A new ovarian cancer drug has shown ‘very promising’ results in an early clinical trial by The Institute of Cancer Research, London, and The Royal Marsden NHS Foundation Trust.
Researchers tested the drug, known in the study as ONX-0801, as part of a wider phase I clinical trial. It significantly shrank tumours in seven of the fifteen patients who took part.
The drug mimics the action of folic acid to target and kill cells by blocking a molecule called thymidylate synthase, thereby causing irreparable DNA damage.
It is targeted to the cancer cell resulting in fewer side-effects, making it a kinder treatment for ovarian cancer patients. Researchers believe it could be particularly promising for women with advanced ovarian cancer who are no longer responding to standard treatment.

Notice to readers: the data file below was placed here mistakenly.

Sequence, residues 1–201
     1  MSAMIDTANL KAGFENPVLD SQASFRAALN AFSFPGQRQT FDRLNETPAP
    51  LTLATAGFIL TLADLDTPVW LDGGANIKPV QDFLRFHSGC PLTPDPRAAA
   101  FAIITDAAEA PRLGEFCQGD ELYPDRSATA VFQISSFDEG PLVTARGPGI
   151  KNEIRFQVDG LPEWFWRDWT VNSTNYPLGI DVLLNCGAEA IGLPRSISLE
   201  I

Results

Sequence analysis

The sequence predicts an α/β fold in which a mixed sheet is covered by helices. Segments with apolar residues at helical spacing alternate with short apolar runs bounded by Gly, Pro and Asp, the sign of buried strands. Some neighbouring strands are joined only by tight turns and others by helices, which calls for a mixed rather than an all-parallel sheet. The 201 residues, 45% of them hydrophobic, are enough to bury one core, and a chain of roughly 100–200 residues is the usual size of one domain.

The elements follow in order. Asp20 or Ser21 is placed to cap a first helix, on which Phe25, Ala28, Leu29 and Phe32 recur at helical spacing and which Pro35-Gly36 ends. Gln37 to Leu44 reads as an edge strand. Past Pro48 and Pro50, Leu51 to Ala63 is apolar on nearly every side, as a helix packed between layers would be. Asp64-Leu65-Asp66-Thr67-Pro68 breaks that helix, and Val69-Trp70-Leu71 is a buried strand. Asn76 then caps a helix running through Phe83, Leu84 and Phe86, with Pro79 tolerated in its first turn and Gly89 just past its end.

The results were presented on Saturday 3 June 2017 at the American Society of Clinical Oncology (ASCO) Annual Meeting 2017 in Chicago, where Katherine Taylor, Chief Executive at Ovarian Cancer Action, was in attendance.
Katherine said: “We welcome this research and the promising results it brings, however it is still early days. This is a small sample size and a much larger study would be needed before any drug would be made widely available.
“Early detection of ovarian cancer remains key to the best possible outcome. Therefore it is vital that all women are aware of the signs and symptoms to look out for.”